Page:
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Figure 5-1Rotational speed incl. vibrations as function of time

Incorporating absolute damping requires therefore a filtering of the speed signal. Figure 5-2 shows the samereal speed as above, but now the (new) blue curve represents the filtered signal.

Figure 5-2Filtered rotational speed as function of time

A filtered signal has a time lag (as can be seen above). The damping torque is determined as the product ofdamping coefficient DAbs (kNms/rad) and the difference between unfiltered and filtered speed signal, i.e.:

Ideally the filtered signal should have been in the middle of the oscillating speed signal. The difference between

[ ])()()( ttDtT filteredabsD ϕϕ && −⋅=

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the real filtered (blue) signal and this ideal filtered signal (when multiplied with DAbs) will represent a torque.Due to the necessary sign in the above equation, this torque will act as a kind of friction during deceleration ofthe system. Its magnitude will not be very significant for the final result, but nevertheless the filtercharacteristics should be chosen so as to minimise this “friction”. On the other hand, the filter must not allowany oscillating output signal as that would falsify the damping action.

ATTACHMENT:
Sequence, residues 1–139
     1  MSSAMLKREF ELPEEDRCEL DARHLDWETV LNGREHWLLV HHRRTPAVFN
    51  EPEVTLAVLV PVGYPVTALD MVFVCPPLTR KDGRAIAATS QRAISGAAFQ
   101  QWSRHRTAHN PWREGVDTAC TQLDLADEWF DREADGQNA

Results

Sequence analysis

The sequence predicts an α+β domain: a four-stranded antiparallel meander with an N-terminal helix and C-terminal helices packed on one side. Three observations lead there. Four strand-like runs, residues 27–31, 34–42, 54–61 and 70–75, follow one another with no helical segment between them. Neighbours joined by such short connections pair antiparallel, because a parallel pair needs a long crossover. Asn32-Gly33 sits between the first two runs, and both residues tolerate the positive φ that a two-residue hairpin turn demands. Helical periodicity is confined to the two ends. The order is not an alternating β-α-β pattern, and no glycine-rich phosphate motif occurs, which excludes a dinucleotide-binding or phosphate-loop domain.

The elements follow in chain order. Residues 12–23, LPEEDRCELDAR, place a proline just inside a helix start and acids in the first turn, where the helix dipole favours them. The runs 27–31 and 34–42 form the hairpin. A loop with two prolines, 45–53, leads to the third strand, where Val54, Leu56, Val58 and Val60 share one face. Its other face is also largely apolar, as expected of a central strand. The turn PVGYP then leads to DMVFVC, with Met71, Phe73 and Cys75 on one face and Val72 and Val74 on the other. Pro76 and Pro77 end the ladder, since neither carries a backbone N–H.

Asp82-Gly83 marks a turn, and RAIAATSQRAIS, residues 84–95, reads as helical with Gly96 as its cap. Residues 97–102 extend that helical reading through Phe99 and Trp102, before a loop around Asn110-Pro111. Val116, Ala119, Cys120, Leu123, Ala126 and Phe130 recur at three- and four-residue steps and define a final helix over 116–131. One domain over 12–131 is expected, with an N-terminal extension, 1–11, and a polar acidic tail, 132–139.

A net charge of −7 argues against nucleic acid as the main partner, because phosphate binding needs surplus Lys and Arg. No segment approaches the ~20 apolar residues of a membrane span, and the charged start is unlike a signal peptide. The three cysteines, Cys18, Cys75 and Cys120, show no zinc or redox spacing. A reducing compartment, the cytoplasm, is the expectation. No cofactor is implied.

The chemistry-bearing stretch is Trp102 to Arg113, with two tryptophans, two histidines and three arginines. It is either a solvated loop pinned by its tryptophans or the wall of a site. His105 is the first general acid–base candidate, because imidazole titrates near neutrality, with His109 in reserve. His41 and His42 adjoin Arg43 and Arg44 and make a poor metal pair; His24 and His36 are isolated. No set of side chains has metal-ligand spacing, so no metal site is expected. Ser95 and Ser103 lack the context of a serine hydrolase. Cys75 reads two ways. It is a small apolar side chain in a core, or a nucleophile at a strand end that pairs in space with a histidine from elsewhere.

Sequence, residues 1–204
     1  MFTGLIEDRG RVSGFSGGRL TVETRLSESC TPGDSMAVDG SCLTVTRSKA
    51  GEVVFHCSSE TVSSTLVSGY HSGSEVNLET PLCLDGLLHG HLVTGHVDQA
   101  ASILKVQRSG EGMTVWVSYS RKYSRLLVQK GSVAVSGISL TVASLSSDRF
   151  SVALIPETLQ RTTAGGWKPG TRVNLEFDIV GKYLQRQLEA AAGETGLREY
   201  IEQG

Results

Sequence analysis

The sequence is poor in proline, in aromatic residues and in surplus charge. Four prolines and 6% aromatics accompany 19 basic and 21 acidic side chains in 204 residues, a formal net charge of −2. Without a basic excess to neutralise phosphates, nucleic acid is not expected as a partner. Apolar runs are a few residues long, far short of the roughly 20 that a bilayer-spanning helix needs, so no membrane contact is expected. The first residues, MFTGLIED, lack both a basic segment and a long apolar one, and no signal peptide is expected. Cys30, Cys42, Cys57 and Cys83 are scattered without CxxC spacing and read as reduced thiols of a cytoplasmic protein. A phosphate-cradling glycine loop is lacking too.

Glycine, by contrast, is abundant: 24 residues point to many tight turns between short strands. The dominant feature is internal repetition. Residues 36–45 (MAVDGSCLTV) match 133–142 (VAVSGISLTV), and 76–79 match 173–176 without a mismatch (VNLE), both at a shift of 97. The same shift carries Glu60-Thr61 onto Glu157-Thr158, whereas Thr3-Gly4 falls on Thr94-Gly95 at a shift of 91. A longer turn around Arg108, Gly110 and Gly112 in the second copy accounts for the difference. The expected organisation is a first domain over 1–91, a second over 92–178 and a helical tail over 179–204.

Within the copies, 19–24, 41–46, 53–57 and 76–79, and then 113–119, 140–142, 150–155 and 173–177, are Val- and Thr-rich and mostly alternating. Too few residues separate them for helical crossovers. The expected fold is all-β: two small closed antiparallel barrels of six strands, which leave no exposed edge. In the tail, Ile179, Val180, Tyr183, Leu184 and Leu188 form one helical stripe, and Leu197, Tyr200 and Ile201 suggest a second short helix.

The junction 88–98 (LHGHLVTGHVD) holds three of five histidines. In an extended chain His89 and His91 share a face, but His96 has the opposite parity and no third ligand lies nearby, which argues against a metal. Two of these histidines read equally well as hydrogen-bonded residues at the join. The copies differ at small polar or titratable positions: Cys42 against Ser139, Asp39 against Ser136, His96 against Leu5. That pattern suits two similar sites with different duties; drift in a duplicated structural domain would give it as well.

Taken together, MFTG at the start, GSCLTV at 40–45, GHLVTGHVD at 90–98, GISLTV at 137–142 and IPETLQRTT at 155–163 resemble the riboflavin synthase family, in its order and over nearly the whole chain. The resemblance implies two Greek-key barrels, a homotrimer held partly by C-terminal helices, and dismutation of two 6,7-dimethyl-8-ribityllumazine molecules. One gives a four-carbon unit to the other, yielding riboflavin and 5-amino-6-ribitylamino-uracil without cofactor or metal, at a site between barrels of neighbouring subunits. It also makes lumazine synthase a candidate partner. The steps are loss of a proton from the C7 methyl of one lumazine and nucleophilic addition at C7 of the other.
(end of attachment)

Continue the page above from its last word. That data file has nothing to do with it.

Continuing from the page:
5.2.3 Propeller damping and demand torque characteristicsFor a propeller the damping is also a consequence of its torque-speed characteristic. Modelling the propellerdemand torque as the square of the rpm or (e.g. close to bollard condition would be relevant in ice) willautomatically result in a damping action (corresponding to an Archer coefficient of about 20), see Figure 5-3.(For any driven component the damping coefficient is the tangent to the demand torque versus speedcharacteristic).